Josh Hawley is at it again. Over a brief career in Washington, the elfin senator from Missouri—when he’s not egging on and then fleeing from insurrectionists—has attempted one pseudo-populist or culture-war gimmick after another to propel him to a higher level of celebrity than he currently enjoys. Alas, while his ideas have gained some prominence on the right, Hawley’s own star isn’t ascending at nearly the same rate. But he is nothing if not undaunted, and this week he unveiled a plan to “overturn Citizens United.” I’m putting that in scare quotes for a reason. Hawley’s latest legislative burlesque is wholly fake—and threadbare even by his gutter standards.
There are many—mainly on the left—who’d like to somehow overturn Citizens United v. FEC, the execrable 2010 decision that unleashed a tidal wave of funny money into our politics and demonstrated that the Supreme Court didn’t need to have a 6–3 conservative tilt to cock up the entire country. It would be great if we could pass a law and set things right, but here’s the rub: Congress can’t fix it, sorry! As MSNBC’s Jordan Rubin explained, overturning the decision would require one of two unlikely events: the Supreme Court choosing to reverse itself or the successful enactment of a constitutional amendment. “That’s because the 2010 case was decided on constitutional grounds—under the First Amendment—as opposed to statutory grounds,” writes Rubin.
The fact that Hawley, even with the assent of Congress and the president, literally cannot “overturn” Citizens United makes this matter done and dusted. But it’s still worth prodding his proposal to assess the full measure of his ambitions—which turn out to be appropriately deceptive. You see, for all of Hawley’s bluster, he’s only targeting one sliver of the boodle that the Supreme Court’s allowed to come sluicing through the gates: corporate money. For all this posturing, Hawley would leave unchecked the flood of dark money.
If you’re authentically aggrieved by the Citizens United decision, this is where the profound misrule lies: Political nonprofits—mainly 501(c)(4)s—can accept unlimited donations and don’t have to disclose their donors, even when the nonprofit then sends the money to super PACs, which do have to disclose donors. As Open Secrets has documented, contributions from shell companies and dark money sources have ballooned in the last two election cycles, with more than $612 million flowing into federal political committees in 2022. Rubin reports that “the nonprofit One Nation donated $53.5 million to the GOP-aligned Senate Leadership Fund, the largest political contribution of any organization that election cycle.”
“Safe to say,” Rubin concludes, “leaving nonprofits out of the equation wouldn’t solve the dark money problem.” But this is what Hawley’s proposal pointedly does.
It really doesn’t take a ton of spelunking to get to the bottom of what Hawley’s trying to do with this sudden stance against Citizens United: This is just a new layer of the senator’s song and dance against what he terms “woke” corporations, and of the broader project of conservative nationalism that TNR contributing editor Osita Nwanevu characterized as “Trumpism for intellectuals,” in The New Yorker back in July 2019.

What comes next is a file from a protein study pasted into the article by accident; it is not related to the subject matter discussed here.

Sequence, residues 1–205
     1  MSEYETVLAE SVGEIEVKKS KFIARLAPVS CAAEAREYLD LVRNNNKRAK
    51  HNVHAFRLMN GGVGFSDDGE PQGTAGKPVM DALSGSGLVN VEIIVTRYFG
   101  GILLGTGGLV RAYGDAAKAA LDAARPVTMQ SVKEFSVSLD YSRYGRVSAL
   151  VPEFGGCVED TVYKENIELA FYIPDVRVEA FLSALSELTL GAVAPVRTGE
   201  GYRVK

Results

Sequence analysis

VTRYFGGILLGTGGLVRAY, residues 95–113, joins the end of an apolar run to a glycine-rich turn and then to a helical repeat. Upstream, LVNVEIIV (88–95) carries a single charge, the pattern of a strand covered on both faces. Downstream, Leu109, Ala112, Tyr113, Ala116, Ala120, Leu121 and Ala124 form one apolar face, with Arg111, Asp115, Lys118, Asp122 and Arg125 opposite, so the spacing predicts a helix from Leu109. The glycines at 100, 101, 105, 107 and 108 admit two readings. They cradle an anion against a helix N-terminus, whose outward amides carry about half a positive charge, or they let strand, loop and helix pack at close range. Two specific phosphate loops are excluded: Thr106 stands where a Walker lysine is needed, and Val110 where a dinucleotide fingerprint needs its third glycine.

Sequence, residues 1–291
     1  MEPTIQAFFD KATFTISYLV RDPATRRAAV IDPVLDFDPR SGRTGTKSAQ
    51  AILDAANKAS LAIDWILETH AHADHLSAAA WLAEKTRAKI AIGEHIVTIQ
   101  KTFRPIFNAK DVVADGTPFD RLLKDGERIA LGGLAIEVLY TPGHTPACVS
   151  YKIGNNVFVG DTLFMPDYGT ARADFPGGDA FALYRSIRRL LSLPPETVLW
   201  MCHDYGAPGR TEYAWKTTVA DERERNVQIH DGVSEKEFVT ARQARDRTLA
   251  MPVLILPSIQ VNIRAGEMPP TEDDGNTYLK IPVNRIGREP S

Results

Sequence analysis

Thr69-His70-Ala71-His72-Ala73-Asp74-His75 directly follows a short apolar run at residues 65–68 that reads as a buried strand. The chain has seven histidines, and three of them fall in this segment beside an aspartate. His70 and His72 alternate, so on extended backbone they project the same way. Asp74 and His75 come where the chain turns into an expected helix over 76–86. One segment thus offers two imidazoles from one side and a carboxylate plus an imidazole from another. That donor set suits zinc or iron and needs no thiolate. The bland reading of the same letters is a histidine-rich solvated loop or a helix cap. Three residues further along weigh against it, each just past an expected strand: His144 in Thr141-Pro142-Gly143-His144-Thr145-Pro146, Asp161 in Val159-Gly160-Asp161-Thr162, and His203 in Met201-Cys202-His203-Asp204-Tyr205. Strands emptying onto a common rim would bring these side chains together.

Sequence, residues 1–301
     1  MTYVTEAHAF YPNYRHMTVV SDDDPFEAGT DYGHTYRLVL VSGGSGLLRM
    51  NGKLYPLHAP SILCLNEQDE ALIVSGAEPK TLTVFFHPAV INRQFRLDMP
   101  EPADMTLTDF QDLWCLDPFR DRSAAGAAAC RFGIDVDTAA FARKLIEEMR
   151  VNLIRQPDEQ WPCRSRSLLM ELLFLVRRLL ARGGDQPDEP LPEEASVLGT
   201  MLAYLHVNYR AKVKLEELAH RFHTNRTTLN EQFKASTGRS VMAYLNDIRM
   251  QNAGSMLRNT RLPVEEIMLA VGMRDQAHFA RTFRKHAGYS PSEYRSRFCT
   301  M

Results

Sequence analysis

TNR’s Matt Ford saw a similar level of playacting in a previous Hawley proposal to belatedly jump into the right’s war against Disney with a stunt bill purportedly aimed at reducing the value of the entertainment conglomerate’s valuable copyrights. As Ford pointed out, however, not only was that proposal extremely unlikely to pass constitutional muster, it would very likely “lead to taxpayers giving a multibillion-dollar payout to Disney for its property losses” if it was successfully enacted.
It’s extremely unlikely that Hawley doesn’t understand the fatal flaws in the ideas he’s going to such flamboyant lengths to promote. The senator, after all, has degrees from the two schools that are locked in tight competition to be America’s Slytherin—Stanford University and Yale Law. As Rubin notes, Hawley also used to clerk for Chief Justice John Roberts, so surely he understands the difference between constitutional and statutory grounds.
But even if Hawley’s anti–Citizens United measure is a complete joke, he’s probably getting exactly what he wants out of the effort: favorable headlines from credulous media outlets such as Real Clear Politics, which announced “Sen. Josh Hawley To Introduce Bill Reversing Citizens United,” or Above the Law, which took the cake with “Unlikeliest Of Heroes Josh Hawley Takes On Mitch McConnell To Get Big Corporate Money Out Of Politics.” Even some liberals fell for it: a DailyKos poster titled their blog post, “I agree with … Josh Hawley?” (Don’t worry, “Greg from Vermont,” you really don’t!)
The political press has been on a recent tear of ignominy lately. Media Matters’ Matt Gertz caught multiple outlets selling the GOP’s recent proposal to pay for the proposed Israeli aid package with deficit-ballooning cuts to the IRS as an “offset” this week, in another example of a framing that could have been avoided if anyone bothered to acquire some basic literacy about the legislative process and operating budgets. That Hawley’s sham of a bill has no chance to “overturn Citizens United” doesn’t take a deep dive into the particulars to figure out. To be honest, many of the ruses perpetrated by George Santos, who survived an expulsion vote on Wednesday, were a lot harder to penetrate than Hawley’s latest caper, if only anyone would bother to try.
This article first appeared in Power Mad, a weekly TNR newsletter authored by deputy editor Jason Linkins. Sign up here.